Most of us know the importance of regular exercise to keep the body fit, but how many can say we put equal emphasis on exercising our brains?
“It’s more important than you think,” said Beverly Sanborn, LCSW, gerontologist and Belmont Village VP of programs. “Just as we build muscle strength to keep our bodies fit, we need to build cognitive reserve to keep our brains fit.”
Experts say changes in the brain begin as early as two decades before symptoms of Alzheimer’s disease are present. But there are things you can do to help the brain build new neuro-connections and create cognitive reserve to draw on as you age.
10 Tips for Maintaining the Brain:
- Eat Right – What’s good for the heart is good for the brain – A heart-healthy diet promotes blood flow to the brain; include plenty of dark-skinned fruits and vegetables for protective antioxidants.
- Exercise – No avoiding it – Minimum 30 minutes a day, with a mix of cardio and strength training.
- Challenge Your Brain – The best brain exercises teach you something new and are a mental stretch.
- Stay Social – Isolation and inactivity can lead to depression, which contributes to certain dementias.
- Reduce Stress – Chronic stress releases a cascade of hormones that eventually affects memory.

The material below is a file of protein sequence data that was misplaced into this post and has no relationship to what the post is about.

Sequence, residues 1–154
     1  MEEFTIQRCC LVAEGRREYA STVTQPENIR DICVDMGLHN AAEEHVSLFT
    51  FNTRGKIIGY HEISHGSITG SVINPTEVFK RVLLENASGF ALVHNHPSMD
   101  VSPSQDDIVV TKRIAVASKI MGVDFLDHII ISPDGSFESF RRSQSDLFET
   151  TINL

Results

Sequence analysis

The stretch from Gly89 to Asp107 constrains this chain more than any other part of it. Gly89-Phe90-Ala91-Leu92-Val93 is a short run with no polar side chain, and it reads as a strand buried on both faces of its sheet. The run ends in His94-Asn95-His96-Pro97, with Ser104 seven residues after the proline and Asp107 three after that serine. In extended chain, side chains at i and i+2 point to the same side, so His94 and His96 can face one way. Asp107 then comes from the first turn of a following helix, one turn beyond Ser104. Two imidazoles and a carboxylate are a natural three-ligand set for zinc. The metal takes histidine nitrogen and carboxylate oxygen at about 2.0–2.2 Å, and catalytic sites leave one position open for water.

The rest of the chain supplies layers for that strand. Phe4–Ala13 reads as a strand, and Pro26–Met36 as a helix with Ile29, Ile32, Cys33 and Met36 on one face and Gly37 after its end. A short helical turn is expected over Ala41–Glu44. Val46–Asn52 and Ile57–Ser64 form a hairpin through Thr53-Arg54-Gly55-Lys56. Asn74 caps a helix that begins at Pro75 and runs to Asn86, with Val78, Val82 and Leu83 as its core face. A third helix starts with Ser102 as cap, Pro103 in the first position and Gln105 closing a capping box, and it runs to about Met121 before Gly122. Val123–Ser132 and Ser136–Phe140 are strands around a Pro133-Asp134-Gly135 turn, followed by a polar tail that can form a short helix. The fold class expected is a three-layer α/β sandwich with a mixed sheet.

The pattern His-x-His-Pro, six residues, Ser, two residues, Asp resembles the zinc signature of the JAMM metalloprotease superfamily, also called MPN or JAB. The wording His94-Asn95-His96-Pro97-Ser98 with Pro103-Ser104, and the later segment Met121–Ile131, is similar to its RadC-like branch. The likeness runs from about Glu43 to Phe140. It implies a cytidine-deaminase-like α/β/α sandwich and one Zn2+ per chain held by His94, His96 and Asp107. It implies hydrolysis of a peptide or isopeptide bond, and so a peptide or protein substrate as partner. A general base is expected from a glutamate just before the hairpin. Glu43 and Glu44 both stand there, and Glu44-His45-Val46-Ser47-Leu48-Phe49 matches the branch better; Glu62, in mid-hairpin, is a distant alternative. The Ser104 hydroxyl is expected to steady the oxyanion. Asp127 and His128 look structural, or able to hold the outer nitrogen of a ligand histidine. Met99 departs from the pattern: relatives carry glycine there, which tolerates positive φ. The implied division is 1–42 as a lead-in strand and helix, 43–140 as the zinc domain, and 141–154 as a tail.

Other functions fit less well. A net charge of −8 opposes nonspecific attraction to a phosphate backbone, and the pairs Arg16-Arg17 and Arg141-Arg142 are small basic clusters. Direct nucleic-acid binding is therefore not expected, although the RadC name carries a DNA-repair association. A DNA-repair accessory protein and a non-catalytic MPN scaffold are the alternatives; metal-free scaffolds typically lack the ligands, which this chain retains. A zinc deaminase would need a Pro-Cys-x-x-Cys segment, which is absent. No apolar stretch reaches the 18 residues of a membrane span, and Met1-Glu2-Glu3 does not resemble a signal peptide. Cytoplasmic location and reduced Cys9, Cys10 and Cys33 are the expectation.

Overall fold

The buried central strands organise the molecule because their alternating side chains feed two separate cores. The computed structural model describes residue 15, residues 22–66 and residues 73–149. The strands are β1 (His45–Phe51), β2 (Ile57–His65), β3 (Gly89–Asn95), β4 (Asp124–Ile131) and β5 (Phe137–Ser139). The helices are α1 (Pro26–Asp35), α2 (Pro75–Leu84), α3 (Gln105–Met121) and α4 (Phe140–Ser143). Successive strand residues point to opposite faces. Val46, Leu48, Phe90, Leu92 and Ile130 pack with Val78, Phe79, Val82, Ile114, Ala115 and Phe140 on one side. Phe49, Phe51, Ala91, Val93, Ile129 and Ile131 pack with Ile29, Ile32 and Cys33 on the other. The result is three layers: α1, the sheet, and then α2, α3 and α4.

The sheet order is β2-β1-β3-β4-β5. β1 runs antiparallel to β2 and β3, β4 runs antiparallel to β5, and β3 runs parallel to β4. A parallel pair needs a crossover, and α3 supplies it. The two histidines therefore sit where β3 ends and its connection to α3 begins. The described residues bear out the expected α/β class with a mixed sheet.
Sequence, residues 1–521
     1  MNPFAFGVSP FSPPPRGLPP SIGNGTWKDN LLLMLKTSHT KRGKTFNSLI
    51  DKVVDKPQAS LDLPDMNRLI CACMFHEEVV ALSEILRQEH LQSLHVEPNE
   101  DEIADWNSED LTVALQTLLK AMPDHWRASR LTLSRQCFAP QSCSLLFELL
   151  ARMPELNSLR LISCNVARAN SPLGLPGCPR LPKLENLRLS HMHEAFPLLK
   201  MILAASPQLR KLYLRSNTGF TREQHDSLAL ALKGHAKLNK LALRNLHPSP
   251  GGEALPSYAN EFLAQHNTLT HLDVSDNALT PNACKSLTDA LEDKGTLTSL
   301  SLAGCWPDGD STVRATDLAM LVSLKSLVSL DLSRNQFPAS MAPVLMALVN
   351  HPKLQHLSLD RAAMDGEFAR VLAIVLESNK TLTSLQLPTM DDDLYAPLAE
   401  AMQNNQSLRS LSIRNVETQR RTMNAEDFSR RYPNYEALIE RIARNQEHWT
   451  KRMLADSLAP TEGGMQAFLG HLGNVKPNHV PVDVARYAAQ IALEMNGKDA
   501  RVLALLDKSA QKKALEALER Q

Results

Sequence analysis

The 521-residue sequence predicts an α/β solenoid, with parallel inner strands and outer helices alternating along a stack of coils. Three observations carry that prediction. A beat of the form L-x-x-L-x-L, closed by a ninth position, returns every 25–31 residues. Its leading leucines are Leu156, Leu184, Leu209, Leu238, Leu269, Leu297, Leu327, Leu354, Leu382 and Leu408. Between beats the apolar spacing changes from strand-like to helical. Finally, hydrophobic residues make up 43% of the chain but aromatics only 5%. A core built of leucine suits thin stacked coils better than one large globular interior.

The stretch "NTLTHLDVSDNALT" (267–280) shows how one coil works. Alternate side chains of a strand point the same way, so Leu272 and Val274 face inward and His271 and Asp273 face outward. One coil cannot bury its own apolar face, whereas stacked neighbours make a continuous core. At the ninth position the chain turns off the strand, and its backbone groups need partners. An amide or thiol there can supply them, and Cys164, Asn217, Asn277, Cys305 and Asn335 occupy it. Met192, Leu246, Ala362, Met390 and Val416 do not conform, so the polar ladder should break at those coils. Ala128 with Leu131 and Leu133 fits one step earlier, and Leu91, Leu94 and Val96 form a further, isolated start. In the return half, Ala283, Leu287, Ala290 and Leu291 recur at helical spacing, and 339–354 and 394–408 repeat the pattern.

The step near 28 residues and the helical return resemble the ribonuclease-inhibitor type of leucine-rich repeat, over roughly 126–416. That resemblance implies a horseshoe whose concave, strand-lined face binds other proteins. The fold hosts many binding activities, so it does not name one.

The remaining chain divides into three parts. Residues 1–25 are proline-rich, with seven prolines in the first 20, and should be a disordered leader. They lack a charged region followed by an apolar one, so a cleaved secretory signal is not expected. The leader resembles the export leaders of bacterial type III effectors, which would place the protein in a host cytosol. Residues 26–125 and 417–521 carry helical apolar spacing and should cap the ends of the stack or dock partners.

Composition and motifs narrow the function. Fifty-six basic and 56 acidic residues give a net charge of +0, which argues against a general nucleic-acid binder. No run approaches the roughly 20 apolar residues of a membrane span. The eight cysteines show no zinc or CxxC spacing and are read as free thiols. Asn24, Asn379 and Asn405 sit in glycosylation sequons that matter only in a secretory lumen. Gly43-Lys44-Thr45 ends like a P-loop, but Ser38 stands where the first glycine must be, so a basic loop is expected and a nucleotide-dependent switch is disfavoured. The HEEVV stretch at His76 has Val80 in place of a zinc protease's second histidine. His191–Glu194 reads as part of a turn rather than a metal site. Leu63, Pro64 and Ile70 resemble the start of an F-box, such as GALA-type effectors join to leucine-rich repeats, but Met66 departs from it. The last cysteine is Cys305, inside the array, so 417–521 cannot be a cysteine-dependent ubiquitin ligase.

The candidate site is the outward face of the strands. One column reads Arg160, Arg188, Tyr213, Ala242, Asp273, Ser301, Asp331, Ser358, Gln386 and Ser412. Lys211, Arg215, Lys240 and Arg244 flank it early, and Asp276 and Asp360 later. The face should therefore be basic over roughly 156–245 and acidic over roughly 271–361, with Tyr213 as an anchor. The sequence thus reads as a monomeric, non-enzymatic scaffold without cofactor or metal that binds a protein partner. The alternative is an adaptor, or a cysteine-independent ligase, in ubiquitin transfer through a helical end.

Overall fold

- Sleep, Sleep, Sleep – Sleep deprivation disrupts the coordinated activity of an important brain network.
- Be Present – Stop multi-tasking – Interruptions interfere with short and long-term memory formation and older brains have a harder time quickly switching between tasks, hence the “senior moment.”
- Embrace Your Spirituality – This is different for everyone, but it’s basically your values and how you connect with the world. Whether you’re doing good works or taking time for prayer or meditation, attending to your spiritual side creates well-being and reduces stress.
- Maintain Your Purpose – We all need a reason to get up in the morning. Feeling that your life has meaning and that you’re in control fosters positive attitudes and emotions.
- Evaluate and Adjust – Don’t get stuck in a rut – just as with physical exercise, mental work-outs have to be adjusted periodically to remain effective and interesting.
The best tip? “Don’t wait to start, and don’t give up hope. There’s no cure for Alzheimer’s, but maintaining your brain is the best way to slow decline, regardless of age,” said Sanborn. “At Belmont Village, we’ve seen improvements in residents with early and even mid-stage loss as they became more active in our programs.”